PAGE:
This Day in History – 22 Adar II/March 24

22 Adar II

In 5109/1349, the Jews of Uberlingen, Switzerland, were massacred al kiddush Hashem. Hy”d.

In 5190/1430, a miracle happened in the kehillah of Rome. When the authorities decreed that every Jew must either convert or be killed, an earthquake rocked the city and the decree was annulled.

In 5693/1933, the infamous Dachau concentration camp was established in Germany. The camp, one of the first established by the Nazis, was originally designated as a prison camp for political criminals. After Kristallnacht, the number of Jews imprisoned there kept growing until over 200,000 victims passed through its gates, most of whom perished. The Nazis built a gas chamber in Dachau, but it was never used. This concentration camp was liberated in April of 1945 by the U.S. army.

In 5708/1948, 16 Jewish soldiers were lynched by an Arab mob; six of them were brutally beaten to death. Hy”d.

In 5757/1997, seven Jewish students were killed on the border with Jordan. Hy”d.



5489/1729, Harav Eliyahu of Izmir, zt”l, mechaber of Shevet Mussar.

5662/1902, Harav Yaakov of Novominsk, zt”l.

5763/2003, Harav Yisrael Moshe Dushinsky, zt”l, Gaavad of the Eidah Hachareidis of Yerushalayim.


Harav Reuven Grozovsky, zt”l
Rosh Yeshivas Torah Vodaath


Harav Reuven Grozovsky (known as Reuven Minsker) was born in 5656/1896. His father, Harav Shamshon, was the leading Dayan of Minsk, Belarus.

He learned in Yeshivah Knesses Yisrael in Slabodka, under Harav Moshe Mordechai Epstein and Harav Nosson Zvi Finkel (the Alter of Slabodka).

When still young, Reb Reuven began his lifelong campaign to save bnei Torah from the trends of the time. The ideas of Zionism, Socialism and freedom from the yoke of Torah were devastating to the yeshivos, and destructive to the spiritual essence of the ben Torah. Minsk was a center of operations for all political parties. Reb Reuven fought his own private campaign against them.

As a student in Slabodka,  then still part of Czarist Russia, he recruited bnei Torah from his hometown of Minsk to join him, because in Slabodka there was less danger of turning “sour.” One such recruit was Yankel Dolinover, whose family had moved to Minsk from Dolinov. He was an unusually bright youngster and to this day, Klal Yisrael benefits from that Yankel — better known as Harav Yaakov Kamenetzky, zt”l. Another of Reb Reuven’s charges in Slabodka was the iluy Arke Sislovtser, whom he brought to Slabodka at the age of 15. Years later, Arke was known as Harav Aharon Kotler, zt”l, Rosh Yeshivah, Beis Medrash Govoha.

When another Yankel Dolinover (cousin of the first one) arrived in Slabodka, the Alter asked Reb Reuven to learn with him, for the Alter knew that the teenager had promise of greatness, and trusted Reb Reuven to guide him. Today he is known as Harav Yaakov Ruderman, zt”l, Rosh Yeshivah of Ner Yisrael in Baltimore.

In 5679/1919, Reb Reuven became the son-in-law of Harav Baruch Ber Leibowitz, zt”l. He moved with him from the Vilna suburb of Lukishuk, where Reb Baruch Ber had maintained his yeshivah, to Kamenitz, where the yeshivah they led flourished until World War II.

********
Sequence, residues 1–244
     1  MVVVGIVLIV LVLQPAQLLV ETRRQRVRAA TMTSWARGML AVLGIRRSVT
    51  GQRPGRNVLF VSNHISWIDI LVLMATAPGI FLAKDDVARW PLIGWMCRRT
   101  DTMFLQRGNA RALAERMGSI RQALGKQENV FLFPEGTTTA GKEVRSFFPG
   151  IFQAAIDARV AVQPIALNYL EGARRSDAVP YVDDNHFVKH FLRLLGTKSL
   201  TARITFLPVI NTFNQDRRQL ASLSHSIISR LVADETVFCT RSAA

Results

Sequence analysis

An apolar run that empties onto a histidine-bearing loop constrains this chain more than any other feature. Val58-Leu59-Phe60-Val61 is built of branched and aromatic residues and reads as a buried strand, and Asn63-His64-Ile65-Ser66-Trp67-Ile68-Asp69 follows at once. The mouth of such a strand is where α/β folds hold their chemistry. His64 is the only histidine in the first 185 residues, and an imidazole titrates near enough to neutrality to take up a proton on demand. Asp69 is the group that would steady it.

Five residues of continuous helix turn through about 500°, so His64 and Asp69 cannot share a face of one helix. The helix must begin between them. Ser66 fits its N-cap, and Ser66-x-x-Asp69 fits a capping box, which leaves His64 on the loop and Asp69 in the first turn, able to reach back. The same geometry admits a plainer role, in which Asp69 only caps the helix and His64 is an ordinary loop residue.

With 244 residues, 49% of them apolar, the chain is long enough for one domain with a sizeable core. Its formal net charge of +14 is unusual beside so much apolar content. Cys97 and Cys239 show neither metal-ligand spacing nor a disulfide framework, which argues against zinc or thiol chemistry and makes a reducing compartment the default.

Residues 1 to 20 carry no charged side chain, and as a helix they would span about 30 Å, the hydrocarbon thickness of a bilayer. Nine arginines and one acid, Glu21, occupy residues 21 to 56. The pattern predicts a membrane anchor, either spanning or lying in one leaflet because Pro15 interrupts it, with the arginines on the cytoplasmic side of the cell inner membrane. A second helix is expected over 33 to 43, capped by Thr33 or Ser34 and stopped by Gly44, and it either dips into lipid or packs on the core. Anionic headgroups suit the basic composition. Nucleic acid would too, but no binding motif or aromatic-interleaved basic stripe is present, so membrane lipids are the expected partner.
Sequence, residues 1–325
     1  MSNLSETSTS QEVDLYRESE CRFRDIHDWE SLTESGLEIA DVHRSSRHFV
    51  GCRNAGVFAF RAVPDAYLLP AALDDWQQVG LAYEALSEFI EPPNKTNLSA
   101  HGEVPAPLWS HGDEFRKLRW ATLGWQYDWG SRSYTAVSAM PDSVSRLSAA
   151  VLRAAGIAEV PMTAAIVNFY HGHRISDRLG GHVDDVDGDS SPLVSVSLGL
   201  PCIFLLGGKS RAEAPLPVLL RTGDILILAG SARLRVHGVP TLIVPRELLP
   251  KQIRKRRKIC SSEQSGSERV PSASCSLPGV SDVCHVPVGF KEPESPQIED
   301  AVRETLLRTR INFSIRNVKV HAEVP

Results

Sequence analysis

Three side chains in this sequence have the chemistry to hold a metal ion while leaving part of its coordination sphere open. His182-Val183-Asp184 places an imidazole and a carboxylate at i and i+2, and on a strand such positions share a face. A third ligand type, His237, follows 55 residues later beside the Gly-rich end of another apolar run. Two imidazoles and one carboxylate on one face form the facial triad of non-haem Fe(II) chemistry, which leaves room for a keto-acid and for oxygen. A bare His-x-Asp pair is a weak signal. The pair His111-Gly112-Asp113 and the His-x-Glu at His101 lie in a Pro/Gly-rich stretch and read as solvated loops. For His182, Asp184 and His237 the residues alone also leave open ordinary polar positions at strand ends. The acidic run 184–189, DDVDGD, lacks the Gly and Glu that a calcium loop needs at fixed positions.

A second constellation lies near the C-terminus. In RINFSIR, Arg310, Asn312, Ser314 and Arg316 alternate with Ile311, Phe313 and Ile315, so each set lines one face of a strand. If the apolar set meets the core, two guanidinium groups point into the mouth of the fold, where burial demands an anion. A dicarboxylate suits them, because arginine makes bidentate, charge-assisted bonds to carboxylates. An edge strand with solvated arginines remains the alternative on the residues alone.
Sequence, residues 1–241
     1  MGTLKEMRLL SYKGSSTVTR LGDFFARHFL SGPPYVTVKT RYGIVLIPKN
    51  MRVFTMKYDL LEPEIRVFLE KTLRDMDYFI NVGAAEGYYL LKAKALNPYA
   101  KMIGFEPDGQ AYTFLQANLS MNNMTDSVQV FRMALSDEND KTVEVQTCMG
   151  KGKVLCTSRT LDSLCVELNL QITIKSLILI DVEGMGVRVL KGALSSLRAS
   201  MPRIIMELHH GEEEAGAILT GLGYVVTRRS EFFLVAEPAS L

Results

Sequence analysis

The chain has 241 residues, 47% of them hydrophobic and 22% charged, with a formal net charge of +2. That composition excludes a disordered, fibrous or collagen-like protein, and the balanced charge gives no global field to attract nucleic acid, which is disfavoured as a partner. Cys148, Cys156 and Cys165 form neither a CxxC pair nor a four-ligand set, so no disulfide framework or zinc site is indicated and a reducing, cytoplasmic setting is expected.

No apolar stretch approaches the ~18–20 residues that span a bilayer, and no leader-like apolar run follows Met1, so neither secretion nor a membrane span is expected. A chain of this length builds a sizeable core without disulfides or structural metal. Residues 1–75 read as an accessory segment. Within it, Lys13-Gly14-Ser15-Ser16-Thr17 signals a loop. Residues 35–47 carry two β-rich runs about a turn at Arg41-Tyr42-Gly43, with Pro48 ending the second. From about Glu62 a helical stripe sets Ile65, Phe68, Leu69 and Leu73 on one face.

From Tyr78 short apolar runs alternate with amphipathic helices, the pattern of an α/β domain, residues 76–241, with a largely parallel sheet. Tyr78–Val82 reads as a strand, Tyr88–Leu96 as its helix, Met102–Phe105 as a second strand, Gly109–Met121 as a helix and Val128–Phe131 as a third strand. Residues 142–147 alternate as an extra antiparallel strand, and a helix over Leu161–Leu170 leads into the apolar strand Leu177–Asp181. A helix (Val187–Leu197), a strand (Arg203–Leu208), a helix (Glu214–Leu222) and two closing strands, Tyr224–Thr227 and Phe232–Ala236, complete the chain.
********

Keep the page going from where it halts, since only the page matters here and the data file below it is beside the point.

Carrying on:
Reb Reuven eventually became the Rosh Yeshivah of Yeshivas Kamenitz. Though he carried the financial burden of the yeshivah, he never missed delivering his weekly shiur.

During World War II, Reb Reuven escaped the Holocaust with a group of his talmidim, landing on the West Coast, in Seattle, Washington.

He went on to New York, where he joined Harav Aharon Kotler and Harav Avraham Kalmanowitz, zt”l, in the lobbying and fund-raising efforts of the Vaad Hatzalah, to save Jews from the Nazis. He also brought 110 members of the Kamenitz community to safety — 30 to Eretz Yisrael and the rest to New York, where he set up the Kamenitz Kollel on the Lower East Side.

After the petirah of Harav Shlomo Heiman, zt”l, Reb Reuven was asked by Harav Shraga Feivel Mendlowitz, zt”l, to head Yeshivah Torah Vodaath in Brooklyn, New York. He was simultaneously Rosh Yeshivah of Beis Medrash Elyon in Monsey.

Six years before his passing, Reb Reuven suffered a stroke. Nonetheless, he remained mentally alert and was able to learn until his petirah on 22 Adar 5718/1958, at the age of 62.

Zecher tzaddik livrachah.


March 24

In 1765, Britain enacted the Quartering Act, requiring American colonists to provide temporary housing to British soldiers.

In 1832, a mob in Hiram, Ohio, attacked, tarred and feathered Mormon leaders Joseph Smith Jr. and Sidney Rigdon.

In 1882, German scientist Robert Koch announced in Berlin that he had discovered the bacillus responsible for tuberculosis.

In 1934, President Franklin D. Roosevelt signed a bill granting future independence to the Philippines.

In 1944, in occupied Rome, the Nazis executed more than 300 civilians in reprisal for an attack by Italian partisans the day before that had killed 32 German soldiers.

In 1976, the president of Argentina, Isabel Peron, was deposed by her country’s military.

In 1989, the supertanker Exxon Valdez ran aground on a reef in Alaska’s Prince William Sound and began leaking an estimated 11 million gallons of crude oil.

In 1999, NATO launched airstrikes against Yugoslavia, marking the first time in its 50-year existence that it had ever attacked a sovereign country.